What is Collaborative Practice?
Collaborative practice is an alternative to litigation which has become increasingly popular in family law. It is a mediation-like process whereby lawyers collaborate with skilled professionals from other disciplines, such as child psychologists and family counsellors, to assist in negotiation between the parties to a dispute. Litigation is a timely, costly, and stressful experience, and collaborative practices have developed to ease the burden on the legal system as well as promote effective communication between parties. Collaborative practice is an interest-based team approach rather than the adversarial right-based approach of litigation. The parties sign an agreement to not pursue litigation, and the lawyers involved agree to not promote the commencement of litigation. With fears of “winning” or “losing” behind the parties, they are more likely to reach a mutually serving agreement.
We work with a team of excellent professionals, including forensic accounting professionals, child specialists/counsellors and parenting coaches who all provide their guidance and input into resolving your family law matter.
Would it work for me?
Collaborative practice is not a “one-size-fits-all” approach, and your lawyer will determine the best dispute resolution pathway for your individual circumstances. Relevant factors to consider may be if there have been threats of, or actual, domestic violence, prevalence of severe psychological conditions and the client’s capacity to articulate their wishes clearly. It is also important to consider the relative levels of trust between the parties, and whether they would prefer to use court processes for discovery of documents. While these factors are not determinative, they may all be relevant in your lawyer’s determination of whether the process would be beneficial for you.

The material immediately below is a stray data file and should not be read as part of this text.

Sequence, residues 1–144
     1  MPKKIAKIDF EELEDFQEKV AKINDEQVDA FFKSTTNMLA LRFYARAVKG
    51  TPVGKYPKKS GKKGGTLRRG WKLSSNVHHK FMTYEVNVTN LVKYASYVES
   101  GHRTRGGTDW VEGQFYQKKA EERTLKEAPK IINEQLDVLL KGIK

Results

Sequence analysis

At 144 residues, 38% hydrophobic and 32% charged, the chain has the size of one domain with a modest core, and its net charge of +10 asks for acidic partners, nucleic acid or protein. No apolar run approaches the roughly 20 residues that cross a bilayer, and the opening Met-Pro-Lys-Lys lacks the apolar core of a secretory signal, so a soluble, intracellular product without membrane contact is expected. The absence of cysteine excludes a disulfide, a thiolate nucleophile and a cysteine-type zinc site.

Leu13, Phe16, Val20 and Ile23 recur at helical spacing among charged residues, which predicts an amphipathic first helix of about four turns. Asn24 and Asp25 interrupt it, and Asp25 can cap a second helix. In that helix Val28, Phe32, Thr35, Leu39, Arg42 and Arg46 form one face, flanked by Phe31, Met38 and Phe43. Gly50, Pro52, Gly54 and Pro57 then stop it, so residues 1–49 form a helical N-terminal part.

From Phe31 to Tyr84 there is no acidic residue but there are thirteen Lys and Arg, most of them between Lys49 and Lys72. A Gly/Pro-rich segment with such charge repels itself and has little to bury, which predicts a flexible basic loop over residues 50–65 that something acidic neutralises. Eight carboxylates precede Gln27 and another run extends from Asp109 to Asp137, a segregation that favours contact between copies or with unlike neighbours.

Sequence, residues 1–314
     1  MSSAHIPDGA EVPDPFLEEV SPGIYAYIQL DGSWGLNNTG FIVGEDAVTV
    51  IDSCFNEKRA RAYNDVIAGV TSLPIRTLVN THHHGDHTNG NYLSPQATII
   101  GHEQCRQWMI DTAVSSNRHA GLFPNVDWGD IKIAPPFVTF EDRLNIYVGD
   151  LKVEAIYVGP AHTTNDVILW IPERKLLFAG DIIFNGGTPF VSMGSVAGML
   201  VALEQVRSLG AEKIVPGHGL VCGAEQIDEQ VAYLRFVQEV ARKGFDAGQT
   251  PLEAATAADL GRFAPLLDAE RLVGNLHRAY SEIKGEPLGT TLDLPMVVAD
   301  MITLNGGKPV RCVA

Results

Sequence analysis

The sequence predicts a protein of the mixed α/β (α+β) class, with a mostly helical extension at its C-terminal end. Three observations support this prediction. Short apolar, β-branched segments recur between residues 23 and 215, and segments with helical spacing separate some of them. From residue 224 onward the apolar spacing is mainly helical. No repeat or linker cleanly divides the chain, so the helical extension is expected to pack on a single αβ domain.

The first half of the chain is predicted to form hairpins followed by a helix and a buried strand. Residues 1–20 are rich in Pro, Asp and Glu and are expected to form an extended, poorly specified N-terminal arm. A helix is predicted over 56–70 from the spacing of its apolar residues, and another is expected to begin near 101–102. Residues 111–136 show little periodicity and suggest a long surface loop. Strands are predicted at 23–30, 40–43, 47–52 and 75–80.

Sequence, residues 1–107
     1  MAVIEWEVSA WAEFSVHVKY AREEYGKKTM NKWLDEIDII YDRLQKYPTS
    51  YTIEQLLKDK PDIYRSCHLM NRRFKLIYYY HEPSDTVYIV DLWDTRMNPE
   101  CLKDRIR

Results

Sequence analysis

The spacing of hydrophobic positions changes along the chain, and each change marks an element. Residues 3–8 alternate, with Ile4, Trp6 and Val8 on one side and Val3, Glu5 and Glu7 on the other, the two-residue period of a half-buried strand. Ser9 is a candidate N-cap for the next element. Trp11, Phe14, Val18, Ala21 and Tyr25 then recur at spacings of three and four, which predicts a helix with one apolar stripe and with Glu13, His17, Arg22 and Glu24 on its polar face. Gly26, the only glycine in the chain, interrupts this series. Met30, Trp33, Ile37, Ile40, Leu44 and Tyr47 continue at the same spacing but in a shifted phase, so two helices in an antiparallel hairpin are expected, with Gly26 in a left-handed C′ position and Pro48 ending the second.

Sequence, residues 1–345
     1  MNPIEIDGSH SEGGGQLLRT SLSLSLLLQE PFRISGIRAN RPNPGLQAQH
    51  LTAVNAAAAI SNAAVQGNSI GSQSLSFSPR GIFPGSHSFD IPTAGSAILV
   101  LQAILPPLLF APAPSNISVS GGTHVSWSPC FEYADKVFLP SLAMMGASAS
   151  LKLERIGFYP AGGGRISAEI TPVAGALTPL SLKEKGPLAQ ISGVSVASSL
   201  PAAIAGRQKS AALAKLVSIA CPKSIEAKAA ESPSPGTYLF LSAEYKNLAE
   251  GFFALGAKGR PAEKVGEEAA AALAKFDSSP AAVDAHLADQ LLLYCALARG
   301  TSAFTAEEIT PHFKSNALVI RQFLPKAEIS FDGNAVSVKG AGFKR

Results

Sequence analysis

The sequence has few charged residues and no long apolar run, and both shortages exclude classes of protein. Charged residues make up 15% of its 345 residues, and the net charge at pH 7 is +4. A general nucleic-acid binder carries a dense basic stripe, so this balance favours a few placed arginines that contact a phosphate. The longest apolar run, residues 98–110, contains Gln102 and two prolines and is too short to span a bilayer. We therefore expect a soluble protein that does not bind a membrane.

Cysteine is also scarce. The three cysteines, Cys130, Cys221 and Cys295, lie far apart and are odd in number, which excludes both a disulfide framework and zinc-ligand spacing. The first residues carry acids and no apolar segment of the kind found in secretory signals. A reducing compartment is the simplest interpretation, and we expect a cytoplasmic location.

Issues that can be discussed include:
- Property settlement
- Child support
- Spousal Maintenance
- Ongoing parenting arrangements for children
- Relocation of children including international relocation
- Company restructures
- Any other issues that affect any member of the family arising either during the marriage or after separation
- Binding Financial Agreements
Can/will I still go to court afterwards?
If the process is violated, or the parties cannot resolve the dispute, the collaborative practice agreement is terminated. If one or both of the parties then chose to pursue litigation, the lawyers that previously advised the parties during the collaborative practice can no longer act on their behalf in litigation.
For further information:
- Australian Association of Collaborative Professionals: https://www.collaborativeaustralia.com.au
- Central Sydney Collaborative Forum: http://www.sydneycollablaw.com.au
If you would like to discuss the various methods of dispute resolution to resolve your matter, contact one of our specialist family lawyers today.